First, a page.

“After we realized some challenges like high electricity bills, we decided to introduce innovations to the new mega aeroponics greenhouse like solar energy and durable construction materials,” Nsabimana explained.
According to Ian Baker, director of CIP’s Global Potato Agrifood Systems Program, the SPF-Ikigega mega screenhouse is the largest aeroponics facility in sub-Saharan Africa.
“It is heartwarming to see the small seed that was sown in Rwanda blossom into large scale impact. I applaud RAB for ensuring the technology could scale out from public to private sector and I thank USAID East Africa for their funding, because with it, a valuable seed was sown.”
The way forward
According to Jean Claude Nshimiyimana, a senior agronomist and project officer during the 3G project, there are still challenges to achieving the aeroponic technology’s full potential in Rwanda. For example, optimal construction materials are still unavailable locally, so seed multipliers who adopt the technology are forced to use local materials which haven’t been tested in terms of effectiveness and cost-benefit analysis. There is also a need for studies of how different potato varieties respond to aeroponics, how processes can be tailored to their needs to maximize production., and whether the standard nutrient solution available for aeroponics should be adjusted for different varieties. Furthermore, there is a need for training to increase local capacity to operate aeroponics systems as the technology is scaled out across the country, as well as to support construction and maintenance.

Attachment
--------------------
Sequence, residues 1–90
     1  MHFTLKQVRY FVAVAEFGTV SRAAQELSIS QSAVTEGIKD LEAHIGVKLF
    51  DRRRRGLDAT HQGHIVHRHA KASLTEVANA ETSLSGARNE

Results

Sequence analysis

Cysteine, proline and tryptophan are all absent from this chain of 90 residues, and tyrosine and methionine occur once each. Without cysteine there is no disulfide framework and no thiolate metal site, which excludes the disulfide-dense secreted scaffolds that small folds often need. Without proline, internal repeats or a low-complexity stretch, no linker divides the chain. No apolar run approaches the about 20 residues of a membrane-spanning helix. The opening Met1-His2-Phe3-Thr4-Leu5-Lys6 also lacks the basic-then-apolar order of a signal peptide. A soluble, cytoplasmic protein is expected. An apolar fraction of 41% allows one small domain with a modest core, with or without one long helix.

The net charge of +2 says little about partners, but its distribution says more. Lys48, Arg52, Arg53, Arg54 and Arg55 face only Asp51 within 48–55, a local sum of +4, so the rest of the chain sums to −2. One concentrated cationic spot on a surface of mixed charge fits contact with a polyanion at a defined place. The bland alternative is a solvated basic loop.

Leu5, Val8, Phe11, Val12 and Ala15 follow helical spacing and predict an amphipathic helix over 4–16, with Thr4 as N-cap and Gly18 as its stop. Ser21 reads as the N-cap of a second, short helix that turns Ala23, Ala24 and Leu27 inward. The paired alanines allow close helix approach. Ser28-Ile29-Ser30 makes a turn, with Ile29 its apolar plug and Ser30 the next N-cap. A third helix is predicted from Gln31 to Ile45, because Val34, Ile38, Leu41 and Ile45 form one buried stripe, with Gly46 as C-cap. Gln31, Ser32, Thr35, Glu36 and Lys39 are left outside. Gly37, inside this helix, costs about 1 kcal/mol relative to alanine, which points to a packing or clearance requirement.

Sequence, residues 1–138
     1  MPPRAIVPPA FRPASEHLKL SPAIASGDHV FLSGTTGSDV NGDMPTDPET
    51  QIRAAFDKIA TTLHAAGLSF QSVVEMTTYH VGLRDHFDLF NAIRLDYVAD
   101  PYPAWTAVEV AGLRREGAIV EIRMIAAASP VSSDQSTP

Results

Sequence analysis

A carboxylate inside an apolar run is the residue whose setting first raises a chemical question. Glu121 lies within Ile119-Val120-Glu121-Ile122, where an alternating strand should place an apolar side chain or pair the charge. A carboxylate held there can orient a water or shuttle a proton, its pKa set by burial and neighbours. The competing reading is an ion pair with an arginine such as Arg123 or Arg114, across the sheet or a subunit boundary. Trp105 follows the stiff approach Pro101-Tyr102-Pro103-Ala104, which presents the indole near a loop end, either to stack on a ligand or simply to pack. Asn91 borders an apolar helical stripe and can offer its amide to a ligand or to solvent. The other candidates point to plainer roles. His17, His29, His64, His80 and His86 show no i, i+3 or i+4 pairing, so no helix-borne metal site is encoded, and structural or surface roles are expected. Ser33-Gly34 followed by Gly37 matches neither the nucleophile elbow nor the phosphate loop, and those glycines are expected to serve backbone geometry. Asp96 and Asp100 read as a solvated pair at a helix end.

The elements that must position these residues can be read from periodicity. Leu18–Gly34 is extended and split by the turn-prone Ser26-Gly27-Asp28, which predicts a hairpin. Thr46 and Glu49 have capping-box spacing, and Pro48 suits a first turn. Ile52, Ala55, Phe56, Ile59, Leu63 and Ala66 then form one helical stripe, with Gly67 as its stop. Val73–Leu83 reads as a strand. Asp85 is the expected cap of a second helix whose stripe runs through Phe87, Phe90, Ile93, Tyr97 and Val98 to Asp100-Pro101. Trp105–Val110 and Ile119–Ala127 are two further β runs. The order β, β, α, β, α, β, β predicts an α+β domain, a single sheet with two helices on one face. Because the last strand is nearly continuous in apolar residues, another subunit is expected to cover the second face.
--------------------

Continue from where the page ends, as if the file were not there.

While such challenges are addressed, Rwanda’s expanded aeroponics capacity is already increasing the supply of disease-free mini tubers, which specially trained seed multipliers grow to produce the high-quality seed potatoes that enable farmers to produce optimal yields. In the long term, this will boost farmer incomes and improve the food and nutrition security of a growing number of Rwandans.
Blog by Donata Kizza, Jean Claude Nshimiyimana, Elke Vandamme and David Dudenhoefer
This work was supported by USAID